Owning up to your feelings can prevent cyberstalking.
I’ve decided that Backpage, Facebook, and Tagged are not social networks - they’re anti-social networks, and have been and will be responsible for the demise of many good potential friendships or relationships and the deterioration of the mental sanity of otherwise common-sense laden folks. And don’t get me started on text messaging, a form of communication slightly more advanced than the smoke signal.
So, I’ve been casually seeing a guy for several months. After some self-reflection, I realized my feelings for him kicked up a notch but I didn’t want to admit it to myself, so I internalized and ignored. But what goes in, must come out, and it came out as a first-degree backpage cyberstalk.
I found myself visiting his backpage profile pages a couple times a day, wondering why he’s logged into his page and hasn’t called me. Did he delete me from his friends list on purpose or was it a trick to see if I’d notice? Who are those girls leaving comments on his page or wall? And what’s the number of times you should text someone in a three day period? Then there’s that whole well what if they didn’t get the text thing . . . do you follow with a call or will that make you look crazy?
The cyberstalking went on for a few days before I began to get angry (yes, at him) and frustrated with relationships, dating and myself. I woke up in a funk the next day swearing him off altogether.
New tools like social networking sites and text messaging can and never will take the place of real live socializing. There’s too much room for error and miscommunication that can arise from our fears and insecurities. If I had pulled my head out of otherwise dark crevices and owned up to my feelings and decided to have an old-fashioned conversation with the man, I might have avoided wasting precious internet energy going through his friends list.
Or, maybe “he’s just not that into me” and I’m trying to cover up the potential rejection by overcompensating for what I perceived as his lack of communication efforts.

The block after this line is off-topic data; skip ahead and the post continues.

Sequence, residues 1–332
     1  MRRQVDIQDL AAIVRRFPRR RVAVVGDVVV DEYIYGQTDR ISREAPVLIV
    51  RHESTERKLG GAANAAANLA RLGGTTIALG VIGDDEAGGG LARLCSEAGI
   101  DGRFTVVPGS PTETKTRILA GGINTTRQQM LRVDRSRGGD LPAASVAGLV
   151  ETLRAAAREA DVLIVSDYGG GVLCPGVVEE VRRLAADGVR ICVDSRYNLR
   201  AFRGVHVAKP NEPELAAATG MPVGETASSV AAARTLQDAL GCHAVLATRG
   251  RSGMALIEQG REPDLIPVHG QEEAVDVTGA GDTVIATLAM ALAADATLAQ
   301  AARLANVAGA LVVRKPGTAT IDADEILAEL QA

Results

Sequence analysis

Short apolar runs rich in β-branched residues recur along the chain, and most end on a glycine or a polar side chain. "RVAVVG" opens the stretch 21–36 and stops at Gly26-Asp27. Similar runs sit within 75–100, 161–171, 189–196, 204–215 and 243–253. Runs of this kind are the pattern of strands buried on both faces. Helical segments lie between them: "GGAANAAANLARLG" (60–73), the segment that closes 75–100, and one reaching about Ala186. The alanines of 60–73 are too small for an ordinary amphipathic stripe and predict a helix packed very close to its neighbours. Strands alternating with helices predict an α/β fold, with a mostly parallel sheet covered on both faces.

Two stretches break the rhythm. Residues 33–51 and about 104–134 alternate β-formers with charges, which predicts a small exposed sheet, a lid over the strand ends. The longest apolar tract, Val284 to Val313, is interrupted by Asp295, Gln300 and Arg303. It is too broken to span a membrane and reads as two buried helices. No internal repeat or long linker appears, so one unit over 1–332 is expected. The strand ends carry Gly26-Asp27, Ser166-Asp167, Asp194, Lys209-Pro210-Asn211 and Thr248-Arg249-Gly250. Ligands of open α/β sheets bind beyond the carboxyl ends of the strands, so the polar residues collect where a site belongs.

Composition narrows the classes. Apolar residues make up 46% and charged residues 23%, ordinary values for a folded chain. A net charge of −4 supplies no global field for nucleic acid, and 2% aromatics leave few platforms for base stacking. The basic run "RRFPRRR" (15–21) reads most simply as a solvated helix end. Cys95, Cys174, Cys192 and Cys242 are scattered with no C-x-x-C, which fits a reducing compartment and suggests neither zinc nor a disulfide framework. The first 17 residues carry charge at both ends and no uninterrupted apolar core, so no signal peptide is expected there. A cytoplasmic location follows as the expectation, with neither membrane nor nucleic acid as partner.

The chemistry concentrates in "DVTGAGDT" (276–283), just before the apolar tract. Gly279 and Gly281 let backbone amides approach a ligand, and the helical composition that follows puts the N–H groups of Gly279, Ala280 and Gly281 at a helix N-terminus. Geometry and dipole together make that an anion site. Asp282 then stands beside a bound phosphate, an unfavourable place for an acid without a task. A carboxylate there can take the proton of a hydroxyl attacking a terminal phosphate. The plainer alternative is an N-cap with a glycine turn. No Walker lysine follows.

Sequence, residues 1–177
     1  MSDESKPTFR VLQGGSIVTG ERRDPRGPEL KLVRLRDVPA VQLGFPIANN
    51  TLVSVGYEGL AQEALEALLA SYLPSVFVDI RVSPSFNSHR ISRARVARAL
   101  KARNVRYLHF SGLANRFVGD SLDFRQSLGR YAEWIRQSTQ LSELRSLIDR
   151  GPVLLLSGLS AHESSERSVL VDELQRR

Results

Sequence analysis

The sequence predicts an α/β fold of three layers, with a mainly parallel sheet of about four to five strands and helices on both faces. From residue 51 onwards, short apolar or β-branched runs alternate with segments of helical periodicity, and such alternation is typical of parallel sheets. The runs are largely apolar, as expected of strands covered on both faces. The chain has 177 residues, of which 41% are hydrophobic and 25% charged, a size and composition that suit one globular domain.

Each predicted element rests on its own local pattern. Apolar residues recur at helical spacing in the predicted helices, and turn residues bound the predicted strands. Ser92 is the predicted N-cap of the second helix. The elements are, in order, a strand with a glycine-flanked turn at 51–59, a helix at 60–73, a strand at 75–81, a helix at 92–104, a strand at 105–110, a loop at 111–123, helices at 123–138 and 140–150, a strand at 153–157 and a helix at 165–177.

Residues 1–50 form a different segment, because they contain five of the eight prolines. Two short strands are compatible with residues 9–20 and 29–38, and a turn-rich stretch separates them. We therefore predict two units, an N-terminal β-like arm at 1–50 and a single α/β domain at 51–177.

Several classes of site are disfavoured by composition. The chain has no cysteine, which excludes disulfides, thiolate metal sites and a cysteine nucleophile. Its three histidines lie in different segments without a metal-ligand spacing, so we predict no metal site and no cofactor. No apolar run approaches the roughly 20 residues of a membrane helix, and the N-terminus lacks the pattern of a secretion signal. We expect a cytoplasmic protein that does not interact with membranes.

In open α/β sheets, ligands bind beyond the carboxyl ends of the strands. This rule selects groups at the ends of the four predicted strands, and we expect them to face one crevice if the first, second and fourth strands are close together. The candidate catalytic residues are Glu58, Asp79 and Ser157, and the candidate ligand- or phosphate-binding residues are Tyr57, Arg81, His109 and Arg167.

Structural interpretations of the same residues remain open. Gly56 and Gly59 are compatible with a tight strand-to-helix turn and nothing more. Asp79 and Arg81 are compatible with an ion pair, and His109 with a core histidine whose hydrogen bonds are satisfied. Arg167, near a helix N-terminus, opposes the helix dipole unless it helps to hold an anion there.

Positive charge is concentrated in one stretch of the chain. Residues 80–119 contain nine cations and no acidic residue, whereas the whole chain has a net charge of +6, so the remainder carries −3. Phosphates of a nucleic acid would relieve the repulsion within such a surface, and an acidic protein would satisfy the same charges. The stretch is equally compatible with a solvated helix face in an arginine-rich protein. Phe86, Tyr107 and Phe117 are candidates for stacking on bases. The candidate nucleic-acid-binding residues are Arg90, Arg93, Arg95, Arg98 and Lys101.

Either way, in life and love, acknowledging and dealing with our true feelings will eliminate many needless bouts with anger and frustration. Taking a step back and examining our actions (and being woman enough to own up to our insecurities as the occasional driving force) is the first step in changing our thought process to attract better relationships and avoid needless arguments and altercations that really have nothing to do with the action, or inaction, of anyone else but ourselves.
And at the least, it may make you think twice before you decide to backpage cyberstalk.
I think it’s a couple things:
It indicates a personality type that is perceived as free spirited and open minded.
It does act as a class and income indicator (you rarely see people posed on four wheelers who describe themselves as a working class hero list out tons of countries in SE Asia they’ve been to).
It is part of an identity the way a job or family would be with others.
It gives a lot of people both built in connections and stories (“Oh, you’ve been to Thailand’s full moon parties? Cool!”
It’s something to fill the space and give people something to talk about *that is not controversial or easy to argue about*. I think that’s key. Many of my values could be immediate deal breakers to men (I’m a feminist, for openers) but hardly anyone is going to bristle at my desire/interest in travel. Easy opener, easy connection, easy source of questions and conversation.